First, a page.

Authority figures/lodgers & lovers/school characters Authority figures

Who was the psychiatrist who examined Pauline?

[lfr] During his fireside chat with the Riepers, Henry Hulme described Dr Bennett as a "good friend" and a general practitioner with experience in child psychology. After his examination of Pauline, Dr Bennett pronounced that she was suffering from "h-h-homo-sexuality" in that ultra-closeup shot, bad teeth and all.

There were several extra scenes featuring Dr Bennett and his family in an early draft of the "Heavenly Creatures" script. (Heavenly Creatures, Draft #5, February 7, 1993, Margaret Herrick Library, Academy of Motion Picture Arts and Sciences, Beverly Hills, CA.) The Bennetts were portrayed as being close social contacts of the Hulmes, and part of the Christchurch social elite, which is, apparently, an accurate portrait of real life on all accounts. In the draft script, the Bennett's son, Colin, was volunteered by the adults to pursue Juliet and rescue her from Pauline's charms, lest she be "lost to the world of men forever!" He complied awkwardly and reluctantly. Naturally, our Juliet shredded the hapless lad with her sarcastic wit and razor-sharp tongue. (see 3.1.25)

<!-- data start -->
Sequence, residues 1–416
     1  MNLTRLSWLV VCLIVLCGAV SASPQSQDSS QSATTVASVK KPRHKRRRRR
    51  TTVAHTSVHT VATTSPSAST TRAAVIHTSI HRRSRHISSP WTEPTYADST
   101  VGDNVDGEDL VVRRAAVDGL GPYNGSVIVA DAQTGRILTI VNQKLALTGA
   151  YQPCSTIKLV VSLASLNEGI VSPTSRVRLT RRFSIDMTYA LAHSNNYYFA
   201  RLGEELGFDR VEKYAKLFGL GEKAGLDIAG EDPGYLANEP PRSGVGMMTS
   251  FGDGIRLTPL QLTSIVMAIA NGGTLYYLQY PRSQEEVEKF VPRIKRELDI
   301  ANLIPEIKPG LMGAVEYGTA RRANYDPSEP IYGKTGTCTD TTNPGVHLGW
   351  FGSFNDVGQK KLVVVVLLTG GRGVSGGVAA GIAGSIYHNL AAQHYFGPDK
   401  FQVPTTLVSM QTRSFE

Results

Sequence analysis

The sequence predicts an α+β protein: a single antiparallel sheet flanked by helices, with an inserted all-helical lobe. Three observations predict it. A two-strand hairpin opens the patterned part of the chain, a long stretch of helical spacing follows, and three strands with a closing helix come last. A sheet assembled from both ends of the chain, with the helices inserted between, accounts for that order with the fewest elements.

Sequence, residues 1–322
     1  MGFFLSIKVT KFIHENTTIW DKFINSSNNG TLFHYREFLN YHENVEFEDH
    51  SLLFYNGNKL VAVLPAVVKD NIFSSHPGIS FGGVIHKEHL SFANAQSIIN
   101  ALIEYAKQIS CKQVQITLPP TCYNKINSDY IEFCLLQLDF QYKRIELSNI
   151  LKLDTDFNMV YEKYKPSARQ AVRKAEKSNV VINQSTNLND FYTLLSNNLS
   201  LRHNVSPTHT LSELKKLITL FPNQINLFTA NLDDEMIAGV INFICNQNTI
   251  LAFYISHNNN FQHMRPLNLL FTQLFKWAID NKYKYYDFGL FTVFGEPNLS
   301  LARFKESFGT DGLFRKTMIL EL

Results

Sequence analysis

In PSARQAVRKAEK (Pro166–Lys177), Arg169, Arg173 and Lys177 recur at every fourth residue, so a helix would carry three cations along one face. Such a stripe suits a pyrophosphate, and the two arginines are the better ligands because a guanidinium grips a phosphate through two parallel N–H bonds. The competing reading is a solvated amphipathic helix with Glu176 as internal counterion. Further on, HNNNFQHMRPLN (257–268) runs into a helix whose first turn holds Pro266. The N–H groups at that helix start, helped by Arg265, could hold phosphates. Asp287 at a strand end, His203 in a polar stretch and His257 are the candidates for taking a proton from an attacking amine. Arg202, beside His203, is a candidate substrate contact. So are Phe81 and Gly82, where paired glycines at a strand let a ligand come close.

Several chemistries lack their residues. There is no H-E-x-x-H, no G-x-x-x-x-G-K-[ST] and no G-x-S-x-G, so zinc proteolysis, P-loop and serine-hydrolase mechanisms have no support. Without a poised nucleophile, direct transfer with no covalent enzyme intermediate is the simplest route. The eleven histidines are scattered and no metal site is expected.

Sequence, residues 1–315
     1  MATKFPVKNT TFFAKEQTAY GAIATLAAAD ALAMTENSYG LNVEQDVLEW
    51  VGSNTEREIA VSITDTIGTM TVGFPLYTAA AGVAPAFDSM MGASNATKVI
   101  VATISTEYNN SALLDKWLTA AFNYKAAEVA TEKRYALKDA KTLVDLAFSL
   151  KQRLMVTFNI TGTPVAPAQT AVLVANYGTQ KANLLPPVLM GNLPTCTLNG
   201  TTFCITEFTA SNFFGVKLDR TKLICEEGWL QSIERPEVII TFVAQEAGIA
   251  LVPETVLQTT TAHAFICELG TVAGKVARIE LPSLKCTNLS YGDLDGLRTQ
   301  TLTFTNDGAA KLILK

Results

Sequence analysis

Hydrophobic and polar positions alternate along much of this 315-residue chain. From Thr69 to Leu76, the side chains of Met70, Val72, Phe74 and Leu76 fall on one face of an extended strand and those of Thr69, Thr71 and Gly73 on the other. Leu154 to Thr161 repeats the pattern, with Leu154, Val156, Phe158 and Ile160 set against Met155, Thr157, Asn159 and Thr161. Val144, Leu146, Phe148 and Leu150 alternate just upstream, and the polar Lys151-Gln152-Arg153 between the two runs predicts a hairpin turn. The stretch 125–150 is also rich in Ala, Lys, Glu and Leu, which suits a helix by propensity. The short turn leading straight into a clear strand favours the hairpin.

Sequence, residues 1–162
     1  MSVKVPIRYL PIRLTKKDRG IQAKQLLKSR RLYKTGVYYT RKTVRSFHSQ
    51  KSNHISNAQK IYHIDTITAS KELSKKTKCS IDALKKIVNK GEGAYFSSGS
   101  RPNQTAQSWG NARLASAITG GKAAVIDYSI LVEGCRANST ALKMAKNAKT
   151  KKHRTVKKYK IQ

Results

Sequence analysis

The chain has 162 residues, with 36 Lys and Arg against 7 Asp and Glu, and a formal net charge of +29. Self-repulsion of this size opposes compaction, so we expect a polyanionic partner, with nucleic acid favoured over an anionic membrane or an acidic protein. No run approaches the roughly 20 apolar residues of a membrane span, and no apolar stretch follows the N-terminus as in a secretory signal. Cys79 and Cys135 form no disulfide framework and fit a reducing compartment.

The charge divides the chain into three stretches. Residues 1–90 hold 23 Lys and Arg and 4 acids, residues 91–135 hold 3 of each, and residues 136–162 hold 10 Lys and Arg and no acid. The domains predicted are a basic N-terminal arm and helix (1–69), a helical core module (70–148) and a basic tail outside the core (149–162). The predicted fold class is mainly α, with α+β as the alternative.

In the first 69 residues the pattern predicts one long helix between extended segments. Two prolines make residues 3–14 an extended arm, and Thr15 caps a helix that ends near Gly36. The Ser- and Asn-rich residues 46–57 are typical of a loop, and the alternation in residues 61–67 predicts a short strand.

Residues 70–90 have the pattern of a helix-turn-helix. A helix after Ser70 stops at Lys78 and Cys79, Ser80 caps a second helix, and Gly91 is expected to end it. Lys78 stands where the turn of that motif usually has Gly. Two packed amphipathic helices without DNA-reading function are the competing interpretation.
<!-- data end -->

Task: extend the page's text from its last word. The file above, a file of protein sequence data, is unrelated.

Too bad those scenes hit the cutting room floor.

Was Dr Bennett real?

[jp,mc] Dr Bennett was a real person and an important player in the "Parker Hulme" case. He examined Pauline as shown in the film and he was consulted twice by Henry Hulme about the girls' relationship before the murder. Dr Bennett examined both Pauline and Juliet after the murder and testified for the defense at the trial. For a more complete description of Dr Bennett and his role in the real-life events, see 7.1. [jp] Dr. Bennett was a family physician. He was my mother's doctor in Christchurch. [mc]

Who was the priest? Were there inside jokes here?

[jp,se] The priest was Rev Norris, and he visited Juliet in the sanatorium. The scene with Rev Norris was probably included for three reasons.